Appliance efficiency has increased remarkably over the past several decades. The graph below tracks the energy efficiency of four household appliances over a 35-year period. Three of the products (clothes washers, central air conditioners, and refrigerators), show a 50% or greater reduction in energy use over that period, and the fourth product, gas furnaces, shows a smaller but still significant reduction of 18%.
The final few weeks of 2015 proved busy ones for new national appliance and equipment standards. The Department of Energy (DOE) completed the biggest energy-saving standard in agency history, along with several important but lower-profile standards which will collectively yield large energy and economic savings. Some of them point the way to much larger future savings.
The past year included many successes, including quite a few that we can build on in the new year. Among the notable developments in 2015:
Yesterday, the Department of Energy (DOE) issued two rules affecting ceiling fans: a proposed rule that would establish the first efficiency performance standards for ceiling fans, and a final rule that improves the efficiency of the lights attached to ceiling fans.
Standards the result of negotiations among broad group of stakeholders
Washington, DC—Energy efficiency standards issued today for rooftop air conditioners and heat pumps—which represent the largest energy and pollution savings of any rule ever issued by the Department of Energy—will benefit businesses, manufacturers, and the environment, according to four of the organizations that participated in the negotiations leading to the announcement.
ACEEE State Scorecard: Massachusetts Edges Out California as Most Energy-Efficient State, Maryland Among Most Improved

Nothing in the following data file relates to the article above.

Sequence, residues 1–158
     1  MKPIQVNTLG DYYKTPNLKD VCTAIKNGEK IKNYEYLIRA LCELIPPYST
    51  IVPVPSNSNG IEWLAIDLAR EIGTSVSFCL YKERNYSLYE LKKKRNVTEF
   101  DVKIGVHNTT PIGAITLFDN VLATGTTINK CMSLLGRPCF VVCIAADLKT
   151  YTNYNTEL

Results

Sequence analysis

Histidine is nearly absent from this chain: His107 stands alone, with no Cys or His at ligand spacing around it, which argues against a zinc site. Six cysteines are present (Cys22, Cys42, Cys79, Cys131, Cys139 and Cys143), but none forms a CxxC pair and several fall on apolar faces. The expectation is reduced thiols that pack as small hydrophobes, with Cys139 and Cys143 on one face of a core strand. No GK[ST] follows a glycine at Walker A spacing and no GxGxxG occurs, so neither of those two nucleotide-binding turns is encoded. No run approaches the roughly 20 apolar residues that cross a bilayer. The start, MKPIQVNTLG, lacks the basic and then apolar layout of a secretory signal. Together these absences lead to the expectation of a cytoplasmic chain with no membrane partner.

Top 10 States Ranked in Energy Efficiency Scorecard: MA, CA, VT, RI, OR, CT, MD, WA, NY … With MN and IL Tied for 10th; Five Most Improved States: MD, IL, DC, CA, and TX; and Five States in Most Need of Improvement: MS, LA, SD, WY, and ND.
Late yesterday, the Department of Energy (DOE) proposed strong new standards that would reduce the energy consumed by beverage vending machines to keep drinks cold. The proposed standards would cut energy use by 25-65% relative to the least-efficient machines available now, and save money for schools, hospitals, hotels, and other businesses and institutions where beverage vending machines are used.
ASAP, AHRI, and ACEEE Applaud Successful Negotiated Rulemaking for Commercial Air Conditioners and Warm Air Furnaces
Working Group Reaches Consensus on Energy Conservation Standards
Boston, NYC, Washington, DC, San Francisco, and Seattle Rank as America’s Most Energy-Efficient US Cities
Biennial Energy Efficiency Scorecard Ranks 51 Large US Cities; Balance of Top 10 US Cities: Chicago, Minneapolis, Portland, Austin, and Denver; Los Angeles One of the Most Improved Cities
Washington, D.C.—In response to the Environmental Protection Agency’s new proposal to reduce carbon pollution from existing power plants, Steven Nadel, executive director of the American Council for an Energy-Efficient Economy (ACEEE), made the following statement: